But while I’m here, my biggest hopes for the game is that it’s distinct. I’m somebody who overall enjoyed FFXV more than most, but I’ll still take almost every other Final Fantasy over it because it left the smallest impression on me. I might truly hate FFVIII, but it *feels* like a Final Fantasy. It feels like it was trying to be something and say something and it definitely has a distinct personality. No other game feels like that game to play. I had a good time with XV, but I rarely ever think about it and when I do, I’m only meant with formless cloudy memories of my time with it. There are certainly no emotions attached.

    And if I thought I was just losing the ability to feel things from video games, both VII Remake and Origami King proved me wrong this year. Both those distinct and inspired titles have flared up into my senses at unexpected moments nonstop since completing them.

  7. The FFXVI also did very little for me, but mostly because I was shocked at how boring the art style looked.

    So the official FFXVI website has just been launched:

    Final Fantasy always has a key artistic render which tends to stick pretty closely to the colour scheme they are going for with the game. The key artistic render for XVI (viewable on the official site) is heavily dominated by shades of grey and brown. People were already sick of grey-brown games by the time that the PS4 launched, but going into the launch of PS5 and Series X having a grey-brown game just seems comical. Especially for a series that has previously been noted for its colourful visuals.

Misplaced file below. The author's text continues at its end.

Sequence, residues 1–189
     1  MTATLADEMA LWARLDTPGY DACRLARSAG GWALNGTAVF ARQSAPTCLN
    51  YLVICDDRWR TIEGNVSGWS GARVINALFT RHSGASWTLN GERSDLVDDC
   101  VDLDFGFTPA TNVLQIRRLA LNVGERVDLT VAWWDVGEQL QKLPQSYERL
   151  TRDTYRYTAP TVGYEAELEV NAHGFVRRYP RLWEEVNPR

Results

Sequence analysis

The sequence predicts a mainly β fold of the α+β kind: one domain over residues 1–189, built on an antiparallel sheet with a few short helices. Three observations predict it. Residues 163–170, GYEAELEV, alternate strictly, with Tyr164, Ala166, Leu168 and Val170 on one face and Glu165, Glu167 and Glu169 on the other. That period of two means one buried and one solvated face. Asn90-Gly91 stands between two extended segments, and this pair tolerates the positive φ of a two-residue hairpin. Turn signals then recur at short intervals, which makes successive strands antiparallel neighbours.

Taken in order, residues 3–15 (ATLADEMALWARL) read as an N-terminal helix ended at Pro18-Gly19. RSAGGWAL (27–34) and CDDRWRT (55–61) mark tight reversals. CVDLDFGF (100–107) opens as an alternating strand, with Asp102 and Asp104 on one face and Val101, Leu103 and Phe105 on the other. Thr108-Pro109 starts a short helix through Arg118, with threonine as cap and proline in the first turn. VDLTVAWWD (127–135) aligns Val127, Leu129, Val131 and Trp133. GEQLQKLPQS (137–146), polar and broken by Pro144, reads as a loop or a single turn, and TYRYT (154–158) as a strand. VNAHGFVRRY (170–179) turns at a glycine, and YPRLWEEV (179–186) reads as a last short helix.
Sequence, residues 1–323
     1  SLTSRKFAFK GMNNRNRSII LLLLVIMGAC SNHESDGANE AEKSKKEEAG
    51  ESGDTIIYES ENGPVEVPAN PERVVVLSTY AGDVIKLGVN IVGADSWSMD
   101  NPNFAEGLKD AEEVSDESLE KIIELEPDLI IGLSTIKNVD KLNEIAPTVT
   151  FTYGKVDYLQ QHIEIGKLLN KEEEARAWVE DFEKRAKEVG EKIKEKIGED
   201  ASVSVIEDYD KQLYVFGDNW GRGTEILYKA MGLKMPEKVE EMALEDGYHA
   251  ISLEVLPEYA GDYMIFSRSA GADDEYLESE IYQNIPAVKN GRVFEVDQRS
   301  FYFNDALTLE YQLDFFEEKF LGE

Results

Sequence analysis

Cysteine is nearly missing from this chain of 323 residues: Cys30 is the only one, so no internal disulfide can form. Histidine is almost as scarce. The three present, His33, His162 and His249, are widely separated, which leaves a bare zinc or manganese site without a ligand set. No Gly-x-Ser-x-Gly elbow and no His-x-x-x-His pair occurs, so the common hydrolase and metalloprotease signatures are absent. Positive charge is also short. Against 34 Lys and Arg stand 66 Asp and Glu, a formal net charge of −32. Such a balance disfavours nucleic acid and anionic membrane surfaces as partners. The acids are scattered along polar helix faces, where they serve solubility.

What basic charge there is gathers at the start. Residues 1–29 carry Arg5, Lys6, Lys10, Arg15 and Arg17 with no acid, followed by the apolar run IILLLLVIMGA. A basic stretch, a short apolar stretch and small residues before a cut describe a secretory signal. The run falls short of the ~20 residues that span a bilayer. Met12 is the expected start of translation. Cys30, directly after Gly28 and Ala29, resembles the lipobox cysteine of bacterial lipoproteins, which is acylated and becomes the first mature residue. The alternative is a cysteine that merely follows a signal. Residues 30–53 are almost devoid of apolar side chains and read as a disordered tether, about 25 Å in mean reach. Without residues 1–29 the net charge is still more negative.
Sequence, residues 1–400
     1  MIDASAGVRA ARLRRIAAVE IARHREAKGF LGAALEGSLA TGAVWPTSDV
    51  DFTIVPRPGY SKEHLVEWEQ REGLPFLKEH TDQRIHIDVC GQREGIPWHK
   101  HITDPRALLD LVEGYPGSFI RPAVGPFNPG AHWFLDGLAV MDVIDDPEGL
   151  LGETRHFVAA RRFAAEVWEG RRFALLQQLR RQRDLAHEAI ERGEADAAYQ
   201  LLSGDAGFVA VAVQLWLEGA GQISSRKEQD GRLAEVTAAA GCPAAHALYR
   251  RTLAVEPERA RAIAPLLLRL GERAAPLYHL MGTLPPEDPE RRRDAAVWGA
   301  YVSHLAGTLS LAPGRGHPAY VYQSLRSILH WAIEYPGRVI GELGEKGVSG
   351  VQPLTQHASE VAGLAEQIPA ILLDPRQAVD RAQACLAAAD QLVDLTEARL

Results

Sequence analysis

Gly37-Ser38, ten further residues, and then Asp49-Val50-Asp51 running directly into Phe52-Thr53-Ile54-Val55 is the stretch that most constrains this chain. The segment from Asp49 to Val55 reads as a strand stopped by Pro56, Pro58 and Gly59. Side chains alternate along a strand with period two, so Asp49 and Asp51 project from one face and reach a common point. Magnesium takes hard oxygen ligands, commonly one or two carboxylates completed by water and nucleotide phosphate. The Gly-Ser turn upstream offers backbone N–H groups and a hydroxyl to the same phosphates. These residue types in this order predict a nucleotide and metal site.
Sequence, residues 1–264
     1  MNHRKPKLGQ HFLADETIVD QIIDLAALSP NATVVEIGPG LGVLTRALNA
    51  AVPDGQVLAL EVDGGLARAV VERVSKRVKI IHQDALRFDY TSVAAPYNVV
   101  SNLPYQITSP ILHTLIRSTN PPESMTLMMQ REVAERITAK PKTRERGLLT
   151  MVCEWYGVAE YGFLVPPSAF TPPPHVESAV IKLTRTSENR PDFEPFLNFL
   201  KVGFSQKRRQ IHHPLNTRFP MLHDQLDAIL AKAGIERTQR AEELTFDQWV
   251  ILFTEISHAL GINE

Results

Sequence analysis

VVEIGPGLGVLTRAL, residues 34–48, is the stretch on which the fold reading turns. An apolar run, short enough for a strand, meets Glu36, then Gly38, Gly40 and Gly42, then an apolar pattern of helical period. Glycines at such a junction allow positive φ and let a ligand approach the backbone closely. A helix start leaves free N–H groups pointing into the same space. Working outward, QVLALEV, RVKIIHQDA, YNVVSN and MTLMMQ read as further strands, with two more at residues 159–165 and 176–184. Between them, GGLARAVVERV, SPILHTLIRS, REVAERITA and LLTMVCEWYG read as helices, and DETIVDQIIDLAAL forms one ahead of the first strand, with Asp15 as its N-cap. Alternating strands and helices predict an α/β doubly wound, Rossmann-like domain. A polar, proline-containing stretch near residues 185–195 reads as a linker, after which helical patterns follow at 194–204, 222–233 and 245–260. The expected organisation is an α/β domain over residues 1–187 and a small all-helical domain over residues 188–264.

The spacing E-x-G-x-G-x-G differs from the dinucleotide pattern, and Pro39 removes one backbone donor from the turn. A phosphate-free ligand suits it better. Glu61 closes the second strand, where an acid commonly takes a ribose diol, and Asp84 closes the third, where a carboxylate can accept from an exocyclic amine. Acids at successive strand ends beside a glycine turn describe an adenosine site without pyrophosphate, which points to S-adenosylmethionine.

Colour use in XV was a little dull, but I think this will be much worse.

    XVI feels like it is trying way too hard to be Witcher. I don’t want mainline FF to be grimdark.

  8. ^ I should add that the grey-brown key art that Square Enix are using is actually quite visually striking – but I can’t imagine that it will be anywhere near as visually pleasing when used for a game as a whole.

  9. I at least don’t fear drowning in taking-itself-too-seriously testosterone like with Witcher (no moral objection to that, mind you, just a shallow overdrawn well, no matter how meticulously expressed). My optimism currently lies in the fact that even with the website, we’ve still seen little enough to practically know nothing about what the game will look and feel like to play. Of course, that fact causes wariness too, but that’s half the fun of these sorts of conversations!

    Thanks for your response, knowledge, and thoughts ^^